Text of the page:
As starvation hits South Sudan, mothers tell their survival stories
WARNING: SOME IMAGES MAY BE DISTRESSING
COMMENT: Immediately upon entering the clinic in Juba's Protection of Civilians (POC) site I hear the screams of a woman giving birth next door.
I quickly try and focus on the task at hand, talking with mothers displaced due to violence and now living in this POC as they sit closely by their children who are suffering from malnutrition.
Each child seems to be at a different stage of malnourishment: Some were just admitted while some are already recovering and hopeful to be discharged soon.
In total, there are six mothers and some ten children in this Integrated Management of Childhood Illness (IMC) clinic supported by UNICEF. Some of the families arrived in Juba only days before while others have lived in this POC for over three years.
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What differentiates the mothers, however, are the stories they share about how they came here and what each experienced due to the violence.
NYAKENA'S STORY: HOPING FOR A PEACEFUL FUTURE IN SOUTH SUDAN
I first speak to 25-year- old Nyakena. She now has twins that are both two and a half months old. Their names are Both (boy) and Nyadouth (girl). The family is originally from Bor.
Before the war, things were good in her family. She was recently married and was leading a happy life with expectations to raise a family that loved one another and lived contently. The husband was gainfully employed and she was ready to give birth soon. Things were good. Then, the war broke out. It changed everything for Nyakena's new family.
One night, around two o'clock in the morning in her village near Bor, she awoke to gunfire. When she got up and went outside, she noticed flames everywhere. Her village was burning. At the time, she was pregnant with the twins. As the gunshots came closer and closer, she decided to run for her life, knowing all the time she was not running alone but with the children inside of her.
She had their safety to consider too. She ran for two hours straight – not an easy task for anyone, let alone a pregnant woman. But their lives were at stake. This is also the time when Nyakena lost touch with her husband. His parents were killed that night. Enraged, he fled into the bush to try to avenge their fate. She hasn't seen him since, but knows he is still close to Bor, fighting.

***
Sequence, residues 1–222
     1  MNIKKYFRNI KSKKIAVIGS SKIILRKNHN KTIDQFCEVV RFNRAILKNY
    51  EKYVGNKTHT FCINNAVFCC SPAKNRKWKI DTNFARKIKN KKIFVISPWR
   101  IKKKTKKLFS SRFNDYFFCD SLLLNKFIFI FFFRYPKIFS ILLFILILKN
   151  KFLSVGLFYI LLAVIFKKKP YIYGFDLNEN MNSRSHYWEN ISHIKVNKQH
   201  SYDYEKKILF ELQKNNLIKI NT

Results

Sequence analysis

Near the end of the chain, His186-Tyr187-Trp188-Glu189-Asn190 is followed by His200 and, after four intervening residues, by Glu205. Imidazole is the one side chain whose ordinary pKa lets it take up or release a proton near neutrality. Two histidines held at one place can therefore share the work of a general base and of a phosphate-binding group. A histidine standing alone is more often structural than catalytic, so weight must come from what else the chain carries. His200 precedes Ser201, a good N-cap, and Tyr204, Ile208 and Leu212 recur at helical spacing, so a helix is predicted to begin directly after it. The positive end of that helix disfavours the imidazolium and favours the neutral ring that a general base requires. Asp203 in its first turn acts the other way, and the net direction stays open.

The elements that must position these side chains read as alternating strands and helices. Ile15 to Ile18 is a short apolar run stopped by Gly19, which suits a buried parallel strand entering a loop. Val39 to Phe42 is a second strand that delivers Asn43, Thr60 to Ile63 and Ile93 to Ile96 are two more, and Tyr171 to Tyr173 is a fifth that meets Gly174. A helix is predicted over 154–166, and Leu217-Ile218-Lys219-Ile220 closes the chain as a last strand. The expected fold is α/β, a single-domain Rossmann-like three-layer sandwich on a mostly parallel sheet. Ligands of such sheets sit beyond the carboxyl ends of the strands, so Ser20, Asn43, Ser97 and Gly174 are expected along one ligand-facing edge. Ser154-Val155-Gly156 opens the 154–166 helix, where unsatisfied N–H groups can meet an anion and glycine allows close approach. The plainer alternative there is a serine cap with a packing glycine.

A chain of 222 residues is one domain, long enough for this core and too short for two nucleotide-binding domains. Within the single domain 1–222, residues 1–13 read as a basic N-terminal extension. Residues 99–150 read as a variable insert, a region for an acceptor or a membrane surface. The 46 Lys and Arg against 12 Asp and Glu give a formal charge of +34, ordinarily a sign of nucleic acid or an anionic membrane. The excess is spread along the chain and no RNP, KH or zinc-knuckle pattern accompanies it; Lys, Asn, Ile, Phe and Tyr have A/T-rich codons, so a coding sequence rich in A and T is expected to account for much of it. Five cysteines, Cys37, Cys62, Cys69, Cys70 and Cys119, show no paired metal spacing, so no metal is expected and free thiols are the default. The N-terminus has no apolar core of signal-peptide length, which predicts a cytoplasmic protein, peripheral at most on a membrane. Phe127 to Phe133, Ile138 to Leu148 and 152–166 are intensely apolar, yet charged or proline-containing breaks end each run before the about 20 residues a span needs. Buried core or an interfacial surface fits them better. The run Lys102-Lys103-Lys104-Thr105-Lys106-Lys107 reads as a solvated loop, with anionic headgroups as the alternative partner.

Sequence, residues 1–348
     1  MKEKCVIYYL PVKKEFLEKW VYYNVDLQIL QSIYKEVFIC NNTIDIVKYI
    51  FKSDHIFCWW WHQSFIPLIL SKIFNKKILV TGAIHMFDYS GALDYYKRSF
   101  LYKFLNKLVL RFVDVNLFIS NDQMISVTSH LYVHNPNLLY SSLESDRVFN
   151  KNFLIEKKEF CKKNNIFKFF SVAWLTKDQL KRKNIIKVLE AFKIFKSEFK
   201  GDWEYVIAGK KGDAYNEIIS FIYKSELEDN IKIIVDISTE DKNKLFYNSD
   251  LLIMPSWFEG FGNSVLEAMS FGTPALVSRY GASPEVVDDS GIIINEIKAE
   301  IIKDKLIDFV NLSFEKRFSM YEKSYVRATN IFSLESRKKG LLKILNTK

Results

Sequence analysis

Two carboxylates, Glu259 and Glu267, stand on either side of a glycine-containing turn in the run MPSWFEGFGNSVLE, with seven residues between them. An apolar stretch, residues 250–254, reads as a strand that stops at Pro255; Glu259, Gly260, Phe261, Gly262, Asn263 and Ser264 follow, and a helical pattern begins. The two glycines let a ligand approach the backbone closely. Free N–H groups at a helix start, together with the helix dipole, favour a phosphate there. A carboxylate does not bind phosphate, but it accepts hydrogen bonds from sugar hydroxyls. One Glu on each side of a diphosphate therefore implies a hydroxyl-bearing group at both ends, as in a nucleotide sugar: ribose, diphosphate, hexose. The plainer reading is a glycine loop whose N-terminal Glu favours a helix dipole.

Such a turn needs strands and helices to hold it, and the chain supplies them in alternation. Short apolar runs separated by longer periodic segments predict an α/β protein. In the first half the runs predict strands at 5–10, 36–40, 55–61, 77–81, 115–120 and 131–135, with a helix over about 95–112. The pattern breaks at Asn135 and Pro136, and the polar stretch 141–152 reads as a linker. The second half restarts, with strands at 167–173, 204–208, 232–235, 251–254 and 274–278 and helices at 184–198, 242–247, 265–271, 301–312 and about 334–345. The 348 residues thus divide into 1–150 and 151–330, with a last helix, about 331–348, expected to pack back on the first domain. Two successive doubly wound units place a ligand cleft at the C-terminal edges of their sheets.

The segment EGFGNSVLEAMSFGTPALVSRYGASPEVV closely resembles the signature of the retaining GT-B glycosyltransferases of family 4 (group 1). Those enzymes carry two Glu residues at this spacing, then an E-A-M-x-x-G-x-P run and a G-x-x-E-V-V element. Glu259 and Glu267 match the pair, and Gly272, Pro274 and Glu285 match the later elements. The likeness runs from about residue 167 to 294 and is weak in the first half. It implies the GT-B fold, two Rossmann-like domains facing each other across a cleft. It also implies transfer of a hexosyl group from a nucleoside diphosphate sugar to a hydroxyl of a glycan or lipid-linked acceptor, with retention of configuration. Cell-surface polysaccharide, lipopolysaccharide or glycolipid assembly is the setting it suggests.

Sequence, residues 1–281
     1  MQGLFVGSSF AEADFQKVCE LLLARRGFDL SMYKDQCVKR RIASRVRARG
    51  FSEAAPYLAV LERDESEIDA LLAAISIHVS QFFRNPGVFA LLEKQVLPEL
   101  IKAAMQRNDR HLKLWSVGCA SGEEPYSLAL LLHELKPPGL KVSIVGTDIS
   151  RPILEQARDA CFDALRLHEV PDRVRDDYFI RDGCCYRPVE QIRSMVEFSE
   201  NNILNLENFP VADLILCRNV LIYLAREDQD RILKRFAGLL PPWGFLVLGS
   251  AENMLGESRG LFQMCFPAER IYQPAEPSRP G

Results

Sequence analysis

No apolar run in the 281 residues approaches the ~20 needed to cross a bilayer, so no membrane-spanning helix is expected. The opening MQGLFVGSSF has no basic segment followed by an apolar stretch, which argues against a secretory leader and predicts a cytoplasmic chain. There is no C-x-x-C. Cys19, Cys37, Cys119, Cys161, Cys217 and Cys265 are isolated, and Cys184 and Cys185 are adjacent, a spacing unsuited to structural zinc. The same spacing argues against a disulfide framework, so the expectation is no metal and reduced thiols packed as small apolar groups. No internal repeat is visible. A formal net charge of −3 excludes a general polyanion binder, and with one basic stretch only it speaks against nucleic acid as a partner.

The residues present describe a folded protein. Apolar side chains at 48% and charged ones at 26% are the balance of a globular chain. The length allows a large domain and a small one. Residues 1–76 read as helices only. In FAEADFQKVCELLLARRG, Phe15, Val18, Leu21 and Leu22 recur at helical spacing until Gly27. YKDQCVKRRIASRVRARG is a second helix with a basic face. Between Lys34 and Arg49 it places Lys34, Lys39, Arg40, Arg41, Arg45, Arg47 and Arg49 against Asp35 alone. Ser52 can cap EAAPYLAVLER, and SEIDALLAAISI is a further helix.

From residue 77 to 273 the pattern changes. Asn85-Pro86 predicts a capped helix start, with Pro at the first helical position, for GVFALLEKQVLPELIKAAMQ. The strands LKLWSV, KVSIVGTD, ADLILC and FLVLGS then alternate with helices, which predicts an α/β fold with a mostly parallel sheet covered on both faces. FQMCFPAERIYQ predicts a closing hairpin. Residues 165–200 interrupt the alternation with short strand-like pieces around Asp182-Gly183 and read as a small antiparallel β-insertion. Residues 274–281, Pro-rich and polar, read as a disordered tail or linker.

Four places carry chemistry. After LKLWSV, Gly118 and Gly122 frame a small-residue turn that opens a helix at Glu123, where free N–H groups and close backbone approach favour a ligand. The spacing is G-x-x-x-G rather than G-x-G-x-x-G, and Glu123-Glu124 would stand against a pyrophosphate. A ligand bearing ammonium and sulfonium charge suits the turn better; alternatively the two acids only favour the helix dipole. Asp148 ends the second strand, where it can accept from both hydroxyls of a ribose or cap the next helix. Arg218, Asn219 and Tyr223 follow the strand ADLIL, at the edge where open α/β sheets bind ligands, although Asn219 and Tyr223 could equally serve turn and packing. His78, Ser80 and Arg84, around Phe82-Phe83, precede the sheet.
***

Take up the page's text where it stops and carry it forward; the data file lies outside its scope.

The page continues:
Nyakena finally reached a POC camp in Bor where she gave birth to the twins. She did not know anyone there. It was also becoming too difficult to make a living and care for the new-borns. She decided to fly to Juba to try and find her brother who was living there in a camp.
In the rush to leave she left behind her food ration card, making it difficult to get the food she needed for both herself and the twins. This loss made things that much harder for the young mother and her infants. She started noticing the twins becoming thinner and thinner. She decided to take them to a clinic to seek medical attention. Thanks to the care from the malnutrition treatment centre, Nyakena is now optimistic her children's condition will improve as they begin gaining weight and things, hopefully, get better.
Nyakena's goal for her twins is for them to become friends with children from all parts of the country, so they will never know hatred and will be able to love and respect their peers and elders. She wants everyone in South Sudan to put away their differences and come together for the sake of all their futures, and most importantly, the children's. She is thankful and happy UNICEF has supported the malnutrition treatment centre. She wishes that other mothers from around the country could be fortunate to have the same opportunity to restore their children's lives. Unfortunately, not all mothers are so lucky.